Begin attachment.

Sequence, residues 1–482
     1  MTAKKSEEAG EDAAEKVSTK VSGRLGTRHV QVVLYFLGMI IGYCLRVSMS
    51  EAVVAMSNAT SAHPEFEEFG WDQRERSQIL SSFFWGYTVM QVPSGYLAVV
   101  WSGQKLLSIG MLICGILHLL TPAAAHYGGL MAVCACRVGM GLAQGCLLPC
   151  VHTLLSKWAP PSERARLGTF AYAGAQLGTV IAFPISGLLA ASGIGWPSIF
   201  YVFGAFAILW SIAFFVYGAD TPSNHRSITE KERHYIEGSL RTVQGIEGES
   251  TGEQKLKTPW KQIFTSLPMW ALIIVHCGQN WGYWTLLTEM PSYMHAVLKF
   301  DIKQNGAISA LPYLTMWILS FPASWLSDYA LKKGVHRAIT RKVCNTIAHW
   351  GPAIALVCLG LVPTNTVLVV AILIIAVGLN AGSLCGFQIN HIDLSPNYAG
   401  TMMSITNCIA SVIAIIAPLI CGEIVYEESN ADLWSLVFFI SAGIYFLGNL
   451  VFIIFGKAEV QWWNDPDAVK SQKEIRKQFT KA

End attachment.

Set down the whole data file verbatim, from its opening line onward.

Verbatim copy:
Sequence, residues 1–482
     1  MTAKKSEEAG EDAAEKVSTK VSGRLGTRHV QVVLYFLGMI IGYCLRVSMS
    51  EAVVAMSNAT SAHPEFEEFG WDQRERSQIL SSFFWGYTVM QVPSGYLAVV
   101  WSGQKLLSIG MLICGILHLL TPAAAHYGGL MAVCACRVGM GLAQGCLLPC
   151  VHTLLSKWAP PSERARLGTF AYAGAQLGTV IAFPISGLLA ASGIGWPSIF
   201  YVFGAFAILW SIAFFVYGAD TPSNHRSITE KERHYIEGSL RTVQGIEGES
   251  TGEQKLKTPW KQIFTSLPMW ALIIVHCGQN WGYWTLLTEM PSYMHAVLKF
   301  DIKQNGAISA LPYLTMWILS FPASWLSDYA LKKGVHRAIT RKVCNTIAHW
   351  GPAIALVCLG LVPTNTVLVV AILIIAVGLN AGSLCGFQIN HIDLSPNYAG
   401  TMMSITNCIA SVIAIIAPLI CGEIVYEESN ADLWSLVFFI SAGIYFLGNL
   451  VFIIFGKAEV QWWNDPDAVK SQKEIRKQFT KA